Cooperation among scientific laboratories of similar profiles usually involves joint research, exchange of human resources and knowledge, and subcontracting one another for experimental or theoretical work. Mutual openness to collaboration helps both the participating laboratories and science in general, according to Anna Artyushina, researcher at the Centre for Science and Technology Studies of the European University in St. Petersburg and postgraduate student at the Higher School of Economics. Her dissertation for a Candidate of Sciences degree entitled 'Networking in the Context of Competition for Resources, Illustrated by the Example of Molecular Biology Laboratories in Russia and the U.S.', defended at the HSE, provides a detailed overview of the lives of two similar research teams separated by an ocean. Artyushina also examined changes in the researchers' work styles since they have moved from Russia to the U.S.
She examined the cases of the Biosystems Laboratory of the RAS Komarov Botanical Institute in St. Petersburg and a molecular biology laboratory (Severinov Laboratory) at Rutgers University, the largest university in New Jersey, U.S., where the research team is made up of former graduates, postgraduate students, and former researchers of biology departments at major Russian universities, such as the Lomonosov Moscow State University, who have moved to the U.S. The two laboratories are similar not only in their research focus, but also in terms of when they were established (early 2000s) and the age of their directors (around 50).
The research data was collected thorough observing the operations of the laboratory, interviewing staff, and studying reports, publications, CVs, and experimental records.
According to Artyushina, both laboratories are open to cooperation with their competitors, since working alone could hinder their access to vital resources, such as equipment, materials, knowledge, skills etc.
Science laboratories which tend to keep their doors closed frequently have difficulties with accessing resources, and their employees are often paid less and have fewer training opportunities (even though some private labs are quite wealthy). Teams refusing to cooperate face the risk of losing their staff and place their younger members at a disadvantage by denying them opportunities for networking with other researchers.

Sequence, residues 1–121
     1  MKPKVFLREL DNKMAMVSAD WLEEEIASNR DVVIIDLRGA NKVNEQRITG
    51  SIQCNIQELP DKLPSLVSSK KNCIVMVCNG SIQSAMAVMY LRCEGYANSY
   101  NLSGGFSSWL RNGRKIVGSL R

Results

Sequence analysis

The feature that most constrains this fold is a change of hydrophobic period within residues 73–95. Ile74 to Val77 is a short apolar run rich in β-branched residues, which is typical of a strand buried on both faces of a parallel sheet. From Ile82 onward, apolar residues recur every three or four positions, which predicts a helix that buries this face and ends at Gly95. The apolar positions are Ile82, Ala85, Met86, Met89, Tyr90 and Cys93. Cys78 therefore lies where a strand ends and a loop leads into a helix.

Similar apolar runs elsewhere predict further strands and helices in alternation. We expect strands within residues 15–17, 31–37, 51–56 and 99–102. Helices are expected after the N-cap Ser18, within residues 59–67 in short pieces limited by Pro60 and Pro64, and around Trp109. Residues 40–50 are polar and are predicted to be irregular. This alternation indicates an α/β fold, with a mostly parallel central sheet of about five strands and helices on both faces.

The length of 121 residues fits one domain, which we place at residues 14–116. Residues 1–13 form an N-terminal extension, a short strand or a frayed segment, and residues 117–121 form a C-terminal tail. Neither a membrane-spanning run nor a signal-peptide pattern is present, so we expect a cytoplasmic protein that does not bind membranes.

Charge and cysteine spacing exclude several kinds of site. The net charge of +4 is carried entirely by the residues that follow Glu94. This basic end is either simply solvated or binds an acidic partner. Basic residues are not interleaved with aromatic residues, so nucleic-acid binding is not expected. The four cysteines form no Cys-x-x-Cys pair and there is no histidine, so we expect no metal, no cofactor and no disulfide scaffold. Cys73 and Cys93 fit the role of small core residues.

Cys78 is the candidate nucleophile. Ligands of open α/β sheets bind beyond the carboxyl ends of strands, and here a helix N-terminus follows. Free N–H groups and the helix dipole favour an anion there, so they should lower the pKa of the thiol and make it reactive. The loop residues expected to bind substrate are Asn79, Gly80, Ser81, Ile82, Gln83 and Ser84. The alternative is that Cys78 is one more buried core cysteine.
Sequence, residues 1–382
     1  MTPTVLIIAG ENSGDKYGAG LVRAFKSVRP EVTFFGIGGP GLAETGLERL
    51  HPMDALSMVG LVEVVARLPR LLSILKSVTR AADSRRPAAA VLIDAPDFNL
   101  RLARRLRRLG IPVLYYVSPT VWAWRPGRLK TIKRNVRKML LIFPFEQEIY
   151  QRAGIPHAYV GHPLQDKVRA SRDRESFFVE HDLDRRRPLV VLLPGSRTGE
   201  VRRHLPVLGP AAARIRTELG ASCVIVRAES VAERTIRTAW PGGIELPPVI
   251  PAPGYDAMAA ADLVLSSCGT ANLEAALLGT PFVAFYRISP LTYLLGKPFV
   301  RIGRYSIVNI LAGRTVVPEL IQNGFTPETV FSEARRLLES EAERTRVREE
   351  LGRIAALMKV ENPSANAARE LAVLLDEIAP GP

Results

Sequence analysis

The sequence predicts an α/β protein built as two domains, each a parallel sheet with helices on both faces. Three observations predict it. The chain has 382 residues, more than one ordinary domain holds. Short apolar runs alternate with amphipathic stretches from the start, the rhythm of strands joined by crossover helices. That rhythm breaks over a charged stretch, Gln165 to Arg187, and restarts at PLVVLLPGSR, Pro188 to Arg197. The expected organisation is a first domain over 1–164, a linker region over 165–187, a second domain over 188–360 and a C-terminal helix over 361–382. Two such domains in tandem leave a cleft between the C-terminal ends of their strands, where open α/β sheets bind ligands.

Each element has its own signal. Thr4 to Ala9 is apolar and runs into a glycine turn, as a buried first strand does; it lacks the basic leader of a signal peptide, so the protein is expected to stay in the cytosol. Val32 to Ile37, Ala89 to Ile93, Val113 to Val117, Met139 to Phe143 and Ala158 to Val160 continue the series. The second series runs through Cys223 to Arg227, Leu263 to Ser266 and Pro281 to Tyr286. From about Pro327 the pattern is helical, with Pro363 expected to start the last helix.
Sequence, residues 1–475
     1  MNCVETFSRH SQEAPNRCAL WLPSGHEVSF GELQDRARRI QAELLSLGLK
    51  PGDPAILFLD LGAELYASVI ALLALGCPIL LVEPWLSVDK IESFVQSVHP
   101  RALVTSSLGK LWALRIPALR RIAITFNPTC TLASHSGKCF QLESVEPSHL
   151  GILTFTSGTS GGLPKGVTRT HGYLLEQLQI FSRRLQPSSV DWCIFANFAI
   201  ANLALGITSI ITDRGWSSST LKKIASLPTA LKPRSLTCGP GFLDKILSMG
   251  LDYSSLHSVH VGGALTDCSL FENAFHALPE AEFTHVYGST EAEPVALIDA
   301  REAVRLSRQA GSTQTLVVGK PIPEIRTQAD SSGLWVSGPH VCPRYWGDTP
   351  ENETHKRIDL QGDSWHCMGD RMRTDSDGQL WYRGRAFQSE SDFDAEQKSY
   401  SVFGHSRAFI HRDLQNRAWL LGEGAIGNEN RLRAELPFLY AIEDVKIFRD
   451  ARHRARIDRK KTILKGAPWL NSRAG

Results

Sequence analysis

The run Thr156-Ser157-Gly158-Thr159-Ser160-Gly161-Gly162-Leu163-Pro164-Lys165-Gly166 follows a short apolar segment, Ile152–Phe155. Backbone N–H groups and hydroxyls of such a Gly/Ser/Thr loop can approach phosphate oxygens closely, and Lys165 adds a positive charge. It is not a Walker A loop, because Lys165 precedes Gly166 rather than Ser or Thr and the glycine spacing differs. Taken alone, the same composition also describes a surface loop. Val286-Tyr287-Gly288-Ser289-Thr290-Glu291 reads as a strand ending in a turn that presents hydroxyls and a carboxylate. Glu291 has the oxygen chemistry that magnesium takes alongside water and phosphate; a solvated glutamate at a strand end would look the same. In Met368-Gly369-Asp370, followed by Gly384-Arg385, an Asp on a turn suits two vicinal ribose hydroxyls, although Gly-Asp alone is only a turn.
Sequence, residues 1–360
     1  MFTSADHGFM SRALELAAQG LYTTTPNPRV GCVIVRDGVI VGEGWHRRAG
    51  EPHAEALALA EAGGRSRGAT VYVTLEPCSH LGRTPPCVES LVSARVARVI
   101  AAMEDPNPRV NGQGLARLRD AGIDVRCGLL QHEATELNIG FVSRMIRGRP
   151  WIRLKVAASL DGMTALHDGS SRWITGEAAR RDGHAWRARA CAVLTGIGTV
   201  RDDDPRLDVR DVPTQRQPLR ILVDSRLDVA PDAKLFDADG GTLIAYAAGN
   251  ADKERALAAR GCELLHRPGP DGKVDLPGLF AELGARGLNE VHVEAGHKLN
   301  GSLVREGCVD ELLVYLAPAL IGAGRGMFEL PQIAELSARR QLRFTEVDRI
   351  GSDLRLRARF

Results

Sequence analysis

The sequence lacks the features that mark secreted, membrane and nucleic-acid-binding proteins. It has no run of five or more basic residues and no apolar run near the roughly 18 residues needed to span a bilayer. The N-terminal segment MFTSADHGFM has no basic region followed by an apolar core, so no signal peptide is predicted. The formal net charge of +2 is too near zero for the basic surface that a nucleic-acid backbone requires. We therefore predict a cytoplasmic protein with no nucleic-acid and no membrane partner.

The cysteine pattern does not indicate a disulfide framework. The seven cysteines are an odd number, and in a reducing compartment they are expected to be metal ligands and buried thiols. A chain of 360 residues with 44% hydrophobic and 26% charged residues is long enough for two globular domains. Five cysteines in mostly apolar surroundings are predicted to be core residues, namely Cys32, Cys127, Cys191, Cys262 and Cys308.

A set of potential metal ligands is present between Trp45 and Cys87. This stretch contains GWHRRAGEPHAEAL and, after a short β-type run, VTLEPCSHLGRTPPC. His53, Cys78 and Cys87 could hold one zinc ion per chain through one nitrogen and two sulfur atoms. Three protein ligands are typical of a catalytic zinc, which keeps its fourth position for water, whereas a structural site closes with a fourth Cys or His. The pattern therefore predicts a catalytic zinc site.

Both laboratories examined in the study are centered around their leaders who not only direct the research, but also raise resources for the laboratory. Both teams actively publish academic papers on their findings. But the similarities between the two laboratories end there.
The St. Petersburg laboratory has no shortage of expertise, but often lacks other types of resources, particularly funding, Artyushina notes. This often causes delays with completion of research projects, and some of the laboratory staff are forced to take up jobs on the side to top up their salary.
The laboratory often shares resources with other teams (e.g. by using another lab's equipment) and borrows reagents and other supplies from its partners. Such cooperation is necessary, as it compensates for the shortage of certain types of materials.
The spirit of competition is much stronger in the laboratory at Rutgers University. Their scarcest resource is expertise, and they fill the gaps by training their own staff or by hiring experts from other laboratories. Exchange of expertise for them is a key area of cooperation, while sharing lab equipment is fairly rare.
However, cooperation does not prevent academic competition with other teams. "Open competition for funding is forcing the researchers to work fast and to keep an eye on competitors at all times," notes Artyushina. “If the lab fails to publish a paper before its competitors, it will lose grants."
Perhaps partly for the same reason the U.S. laboratory, unlike its Russian counterpart, is reluctant to share its infrastructure, even though sometimes they have to share certain parts of their infrastructure with other teams to maintain partnerships.
Generally speaking, each new research project in the U.S. laboratory develops a new network of resources and participants. In addition to this, younger researchers, as opposed to their older colleagues, are less attached to a particular laboratory and instead work to develop their careers so they may eventually join an even stronger research team or have a laboratory of their own.
Despite internal differences and competition with similar laboratories, collective production of knowledge has emerged as a general trend in recent years.
The increasingly widespread phenomenon of wiki science enables collective knowledge generation. In biology, this trend is quite strong. Scientists in bioinformatics, for example, are working collectively to improve communication software and to develop codes of conduct for wiki users, Artuyshina notes.
This focus on online cooperation illustrates the overall trend towards cooperation in science, with laboratories sharing knowledge for better results; in this context, both competition and cooperation can be considered part of the knowledge generation process, Artyushina concludes.